“Tea is one of the most widely consumed beverages in the world,” said Assistant Professor Feng Lei of NUS Yong Loo Lin School of Medicine’s psychological medicine, who led the study.
“The data from our study suggests that an inexpensive lifestyle measure such as daily tea drinking can reduce a person’s risk of developing neurocognitive disorders in late life.”
Potential neuroprotective compounds found in tea leavesThe local study was conducted over a seven-year period and involved 957 Chinese participants aged 55 years and above. The team assessed participants’ medical conditions, lifestyles and tea-drinking habits between years 2003 and 2005, and followed up with them every two years from 2006 to 2010.
Researchers found that habitual tea drinkers had a 61% reduced risk of cognitive impairment, compared to individuals who did not drink tea. Those with a gene known as ApoE4 – which increases an individual’s risk of developing Alzheimer’s disease – also had an 86% reduction in their risk of developing dementia.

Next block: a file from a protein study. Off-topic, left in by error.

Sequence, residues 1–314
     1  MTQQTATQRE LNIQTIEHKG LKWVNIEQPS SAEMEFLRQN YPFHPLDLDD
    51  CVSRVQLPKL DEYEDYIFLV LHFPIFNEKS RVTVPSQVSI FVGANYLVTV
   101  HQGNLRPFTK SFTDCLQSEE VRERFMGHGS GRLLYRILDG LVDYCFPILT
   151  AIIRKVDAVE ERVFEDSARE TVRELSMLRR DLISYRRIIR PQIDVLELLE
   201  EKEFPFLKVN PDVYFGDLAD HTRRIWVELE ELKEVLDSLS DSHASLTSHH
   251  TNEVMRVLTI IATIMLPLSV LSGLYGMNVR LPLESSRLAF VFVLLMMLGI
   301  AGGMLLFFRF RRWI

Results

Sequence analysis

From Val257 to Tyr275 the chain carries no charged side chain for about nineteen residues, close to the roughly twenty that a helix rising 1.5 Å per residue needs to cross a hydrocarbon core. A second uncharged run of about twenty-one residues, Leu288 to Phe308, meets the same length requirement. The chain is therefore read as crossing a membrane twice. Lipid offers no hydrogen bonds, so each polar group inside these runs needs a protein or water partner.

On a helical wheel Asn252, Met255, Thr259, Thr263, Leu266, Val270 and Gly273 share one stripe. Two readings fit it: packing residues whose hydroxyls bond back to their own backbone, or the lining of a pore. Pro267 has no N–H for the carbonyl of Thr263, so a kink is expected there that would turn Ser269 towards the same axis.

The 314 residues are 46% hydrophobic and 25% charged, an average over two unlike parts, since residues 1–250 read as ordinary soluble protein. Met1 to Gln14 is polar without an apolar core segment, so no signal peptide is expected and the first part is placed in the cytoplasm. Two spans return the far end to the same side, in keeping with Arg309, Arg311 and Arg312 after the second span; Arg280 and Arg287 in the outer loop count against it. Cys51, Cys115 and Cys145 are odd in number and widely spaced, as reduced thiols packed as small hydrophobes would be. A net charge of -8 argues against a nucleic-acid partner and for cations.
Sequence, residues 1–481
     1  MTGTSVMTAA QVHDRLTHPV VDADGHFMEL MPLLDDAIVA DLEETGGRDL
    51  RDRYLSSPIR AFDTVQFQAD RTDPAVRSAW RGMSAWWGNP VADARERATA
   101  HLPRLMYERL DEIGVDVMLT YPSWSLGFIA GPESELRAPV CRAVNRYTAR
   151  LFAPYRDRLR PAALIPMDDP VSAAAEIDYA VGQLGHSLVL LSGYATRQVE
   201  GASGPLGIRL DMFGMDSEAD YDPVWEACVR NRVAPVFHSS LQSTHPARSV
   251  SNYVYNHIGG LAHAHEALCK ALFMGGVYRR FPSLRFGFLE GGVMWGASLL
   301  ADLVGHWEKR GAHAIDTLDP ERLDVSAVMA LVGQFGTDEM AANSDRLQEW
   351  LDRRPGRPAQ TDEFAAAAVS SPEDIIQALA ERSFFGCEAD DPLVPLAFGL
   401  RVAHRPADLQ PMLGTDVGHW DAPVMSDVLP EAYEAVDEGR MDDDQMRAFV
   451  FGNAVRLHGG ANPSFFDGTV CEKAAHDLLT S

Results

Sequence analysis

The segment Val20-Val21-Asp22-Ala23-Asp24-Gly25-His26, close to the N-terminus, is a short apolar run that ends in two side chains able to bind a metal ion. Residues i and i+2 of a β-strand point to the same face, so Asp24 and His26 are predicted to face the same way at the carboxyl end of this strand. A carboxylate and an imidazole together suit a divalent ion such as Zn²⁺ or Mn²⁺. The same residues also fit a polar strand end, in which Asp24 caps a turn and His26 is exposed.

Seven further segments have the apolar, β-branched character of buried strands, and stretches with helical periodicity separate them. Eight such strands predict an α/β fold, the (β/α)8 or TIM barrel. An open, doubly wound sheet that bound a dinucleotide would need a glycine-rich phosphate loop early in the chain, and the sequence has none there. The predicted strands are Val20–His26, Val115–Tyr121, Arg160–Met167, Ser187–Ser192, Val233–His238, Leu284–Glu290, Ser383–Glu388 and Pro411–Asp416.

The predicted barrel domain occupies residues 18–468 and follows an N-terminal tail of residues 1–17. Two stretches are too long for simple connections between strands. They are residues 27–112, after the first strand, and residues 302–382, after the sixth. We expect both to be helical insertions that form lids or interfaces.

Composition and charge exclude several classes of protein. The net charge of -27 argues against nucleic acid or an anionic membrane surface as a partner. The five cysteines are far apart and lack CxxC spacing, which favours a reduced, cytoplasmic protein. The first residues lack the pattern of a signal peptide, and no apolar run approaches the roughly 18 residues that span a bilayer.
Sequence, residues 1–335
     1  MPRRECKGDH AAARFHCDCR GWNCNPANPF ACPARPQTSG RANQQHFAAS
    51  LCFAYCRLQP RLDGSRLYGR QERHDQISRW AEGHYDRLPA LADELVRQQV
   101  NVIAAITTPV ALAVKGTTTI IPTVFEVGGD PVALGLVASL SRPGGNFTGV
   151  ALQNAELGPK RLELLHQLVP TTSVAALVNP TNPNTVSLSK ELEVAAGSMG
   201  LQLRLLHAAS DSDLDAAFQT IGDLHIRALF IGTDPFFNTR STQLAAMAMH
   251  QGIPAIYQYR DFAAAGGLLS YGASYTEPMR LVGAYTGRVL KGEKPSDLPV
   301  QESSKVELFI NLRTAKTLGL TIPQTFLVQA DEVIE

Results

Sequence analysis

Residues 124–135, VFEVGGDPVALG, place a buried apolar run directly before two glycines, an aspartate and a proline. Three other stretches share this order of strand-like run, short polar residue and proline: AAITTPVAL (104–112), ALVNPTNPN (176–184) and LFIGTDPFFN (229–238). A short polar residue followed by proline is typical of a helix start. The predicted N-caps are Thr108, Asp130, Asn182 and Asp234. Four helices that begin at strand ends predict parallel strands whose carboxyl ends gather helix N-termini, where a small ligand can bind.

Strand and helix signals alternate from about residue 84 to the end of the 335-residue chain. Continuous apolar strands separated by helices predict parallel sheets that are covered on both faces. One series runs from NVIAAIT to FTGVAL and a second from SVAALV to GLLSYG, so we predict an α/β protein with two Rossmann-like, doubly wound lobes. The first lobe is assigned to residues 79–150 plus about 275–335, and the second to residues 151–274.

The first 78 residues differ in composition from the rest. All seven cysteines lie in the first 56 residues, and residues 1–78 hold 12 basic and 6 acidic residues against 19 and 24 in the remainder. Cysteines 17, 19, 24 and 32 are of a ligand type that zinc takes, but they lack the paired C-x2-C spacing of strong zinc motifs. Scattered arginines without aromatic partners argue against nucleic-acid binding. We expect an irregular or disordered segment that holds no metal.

Tea leaves contain bioactive compounds such as catechins and theaflavins that exhibit anti-inflammatory and antioxidant properties, and are protective against neurodegeneration as well as vascular damage to the brain, said researchers – and all that is required is 200ml of tea brewed from tea leaves once a day.
According to Feng, there is no significant difference between green tea, black tea, or oolong tea, however, the benefits are only found in tea brewed with leaves from the tea plant, and not fruit of flower teas. Results also found that adding milk to the tea will reduce the absorption of catechin.
Though the study only involved Chinese participants, results would be consistent across races and ethnic groups, said Feng.
"The biology of how the brain changes during the ageing process and the compounds from tea are all the same, so I don't think there will be a difference," he said.
Singapore sees rising numbers of individuals with dementiaWith the rapidly ageing population in Singapore, Feng stressed that the findings of this study will have an important implication in prevention of dementia and neurocognitive disorders.
A 2015 nationwide study estimated that 1 in 10 individuals in Singapore aged 60 and above had dementia, with an approximated 40,000 patients suffering from dementia that year. The numbers are predicted to increase to 53,000 by the year 2020, and up to 187,000 by 2050.
"Despite high-quality drug trials, effective pharmacological therapy for neurocognitive disorders such as dementia remains elusive and current prevention strategies are far from satisfactory,” Feng said. MIMS
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